Whatever the latest gadget might be, for years chances have been way better than even that I’m going to need it. Immediately. At least that was the case until reading glasses became a permanent part of my life. I’ll spare you the tale of how my glasses are usually atop my head or hiding under my papers when I’m searching for them and get to the sad, ugly truth: It’s just not that much fun to read things off a smartphone or tablet when said tech gadget is sitting on a chair a desk length away because I’m trying to read it without my glasses and my arms aren’t long enough to hold it far enough away.
I’ve made the type larger on my phone. At the moment, it’s large enough that I’m pretty sure it can be seen from space with the naked eye – a boon for the NSA but not so much for me because I still can’t read without my glasses. You’ll surely understand that it was with a delight not known for years that I read in Scientific American that I, along with the nearly 40 to 70% of my fellow Americans in need of reading glasses, may soon have a screen on my smartphone and tablet that corrects for my vision.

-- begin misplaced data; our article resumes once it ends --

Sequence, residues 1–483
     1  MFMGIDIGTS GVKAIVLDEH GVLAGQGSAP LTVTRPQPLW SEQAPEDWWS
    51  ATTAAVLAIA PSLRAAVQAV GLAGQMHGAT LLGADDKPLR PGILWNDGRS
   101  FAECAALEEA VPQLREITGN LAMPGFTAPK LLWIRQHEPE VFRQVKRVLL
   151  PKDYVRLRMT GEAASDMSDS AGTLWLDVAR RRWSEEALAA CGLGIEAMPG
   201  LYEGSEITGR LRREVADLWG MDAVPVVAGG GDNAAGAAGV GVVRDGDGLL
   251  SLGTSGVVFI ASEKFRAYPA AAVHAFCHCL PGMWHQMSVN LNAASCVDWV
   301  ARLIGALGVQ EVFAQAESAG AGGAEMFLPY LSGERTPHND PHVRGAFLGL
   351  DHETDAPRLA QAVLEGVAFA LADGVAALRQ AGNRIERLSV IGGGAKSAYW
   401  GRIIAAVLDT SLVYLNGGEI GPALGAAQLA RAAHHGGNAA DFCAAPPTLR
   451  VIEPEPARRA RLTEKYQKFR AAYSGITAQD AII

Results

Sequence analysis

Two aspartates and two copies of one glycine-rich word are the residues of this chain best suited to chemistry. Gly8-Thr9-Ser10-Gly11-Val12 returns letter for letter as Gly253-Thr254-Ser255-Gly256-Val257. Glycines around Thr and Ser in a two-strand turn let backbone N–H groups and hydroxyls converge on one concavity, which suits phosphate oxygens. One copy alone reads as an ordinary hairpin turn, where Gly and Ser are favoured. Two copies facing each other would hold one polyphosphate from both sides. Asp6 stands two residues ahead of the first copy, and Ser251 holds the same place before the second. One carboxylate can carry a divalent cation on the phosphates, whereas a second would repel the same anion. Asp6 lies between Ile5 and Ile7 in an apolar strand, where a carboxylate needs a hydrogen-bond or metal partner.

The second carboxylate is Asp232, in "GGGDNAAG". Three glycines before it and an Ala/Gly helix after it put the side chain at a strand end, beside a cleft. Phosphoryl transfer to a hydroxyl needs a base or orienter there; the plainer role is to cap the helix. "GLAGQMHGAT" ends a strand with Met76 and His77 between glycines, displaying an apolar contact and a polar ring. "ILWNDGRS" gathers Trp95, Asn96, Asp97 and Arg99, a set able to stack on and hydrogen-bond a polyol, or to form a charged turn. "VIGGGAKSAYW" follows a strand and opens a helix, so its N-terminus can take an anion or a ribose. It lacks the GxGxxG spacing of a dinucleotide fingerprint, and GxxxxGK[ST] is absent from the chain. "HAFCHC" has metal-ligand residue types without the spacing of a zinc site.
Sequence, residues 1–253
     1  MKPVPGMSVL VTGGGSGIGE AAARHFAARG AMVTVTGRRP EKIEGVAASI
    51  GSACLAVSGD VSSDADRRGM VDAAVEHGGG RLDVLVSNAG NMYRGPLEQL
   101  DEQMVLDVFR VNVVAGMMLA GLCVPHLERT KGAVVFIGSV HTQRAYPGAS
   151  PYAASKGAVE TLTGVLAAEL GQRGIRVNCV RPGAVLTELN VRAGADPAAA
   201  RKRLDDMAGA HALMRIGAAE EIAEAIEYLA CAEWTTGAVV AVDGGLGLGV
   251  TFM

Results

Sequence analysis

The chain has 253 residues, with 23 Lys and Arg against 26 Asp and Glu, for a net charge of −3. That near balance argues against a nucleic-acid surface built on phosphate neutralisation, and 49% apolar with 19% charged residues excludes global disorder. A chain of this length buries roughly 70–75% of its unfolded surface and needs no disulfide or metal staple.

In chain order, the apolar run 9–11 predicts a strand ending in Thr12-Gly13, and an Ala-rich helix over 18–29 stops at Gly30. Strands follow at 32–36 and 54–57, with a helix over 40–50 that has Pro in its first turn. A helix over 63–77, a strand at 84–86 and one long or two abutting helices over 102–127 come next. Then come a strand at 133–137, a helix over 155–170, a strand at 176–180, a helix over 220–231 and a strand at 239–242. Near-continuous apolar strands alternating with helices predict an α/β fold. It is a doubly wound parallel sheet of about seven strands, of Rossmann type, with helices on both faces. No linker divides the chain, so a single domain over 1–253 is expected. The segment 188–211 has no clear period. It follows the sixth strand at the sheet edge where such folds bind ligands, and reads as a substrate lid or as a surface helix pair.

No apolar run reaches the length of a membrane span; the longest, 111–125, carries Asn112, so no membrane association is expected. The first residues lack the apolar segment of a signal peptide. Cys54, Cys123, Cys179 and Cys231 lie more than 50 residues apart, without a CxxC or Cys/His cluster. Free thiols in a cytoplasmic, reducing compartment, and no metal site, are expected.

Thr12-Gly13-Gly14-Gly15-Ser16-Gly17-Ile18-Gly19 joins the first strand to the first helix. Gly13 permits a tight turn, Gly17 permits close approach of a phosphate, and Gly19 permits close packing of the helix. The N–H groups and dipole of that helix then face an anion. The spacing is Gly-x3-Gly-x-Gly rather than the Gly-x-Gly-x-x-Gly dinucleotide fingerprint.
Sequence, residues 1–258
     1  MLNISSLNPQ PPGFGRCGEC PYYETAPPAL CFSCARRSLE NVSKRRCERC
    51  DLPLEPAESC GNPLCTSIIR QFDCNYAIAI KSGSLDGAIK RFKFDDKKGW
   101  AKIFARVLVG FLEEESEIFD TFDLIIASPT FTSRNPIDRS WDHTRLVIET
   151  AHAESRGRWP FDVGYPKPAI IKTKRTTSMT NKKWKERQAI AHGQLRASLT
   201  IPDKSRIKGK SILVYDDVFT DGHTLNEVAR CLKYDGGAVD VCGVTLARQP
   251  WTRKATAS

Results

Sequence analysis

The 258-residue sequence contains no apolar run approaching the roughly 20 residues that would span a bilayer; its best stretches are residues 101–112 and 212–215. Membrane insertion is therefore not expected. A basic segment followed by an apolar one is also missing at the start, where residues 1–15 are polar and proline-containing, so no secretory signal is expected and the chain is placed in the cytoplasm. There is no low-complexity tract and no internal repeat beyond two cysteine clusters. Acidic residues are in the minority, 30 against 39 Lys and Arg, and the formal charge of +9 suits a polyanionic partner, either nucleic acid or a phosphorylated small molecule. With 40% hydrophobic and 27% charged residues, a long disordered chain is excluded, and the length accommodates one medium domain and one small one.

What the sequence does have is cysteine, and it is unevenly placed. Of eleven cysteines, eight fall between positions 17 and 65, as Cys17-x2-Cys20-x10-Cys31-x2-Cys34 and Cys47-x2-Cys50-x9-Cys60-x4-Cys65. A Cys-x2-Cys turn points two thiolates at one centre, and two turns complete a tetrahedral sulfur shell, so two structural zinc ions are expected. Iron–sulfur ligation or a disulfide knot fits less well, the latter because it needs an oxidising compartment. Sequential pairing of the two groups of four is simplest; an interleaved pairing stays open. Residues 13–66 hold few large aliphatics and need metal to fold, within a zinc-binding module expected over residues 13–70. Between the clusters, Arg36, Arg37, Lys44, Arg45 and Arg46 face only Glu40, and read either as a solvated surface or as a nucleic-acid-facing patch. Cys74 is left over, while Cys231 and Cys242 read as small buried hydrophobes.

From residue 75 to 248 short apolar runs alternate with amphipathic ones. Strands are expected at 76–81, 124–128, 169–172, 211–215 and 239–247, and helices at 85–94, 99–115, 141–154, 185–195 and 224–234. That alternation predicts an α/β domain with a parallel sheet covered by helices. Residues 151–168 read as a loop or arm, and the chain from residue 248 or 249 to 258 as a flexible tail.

Gordon Wetzstein, my new favorite researcher (currently of UC Berkeley and formerly of M.I.T.) has developed a screen, along with his colleagues, that “can correct for myopia, hyperopia, astigmatism, and more complicated vision problems.”
That certainly handles anything I’m looking for, but it gets better.
[R]esearchers also plan on developing a slider that can be used to manually adjust the focus of the screen. Wetzstein says that the technology could be a boon for people in developing countries who have easier access to mobile devices than prescription eyewear.
This is a much more attainable solution than mine, which involved everyone growing Plastic Man arms. Hurray for science.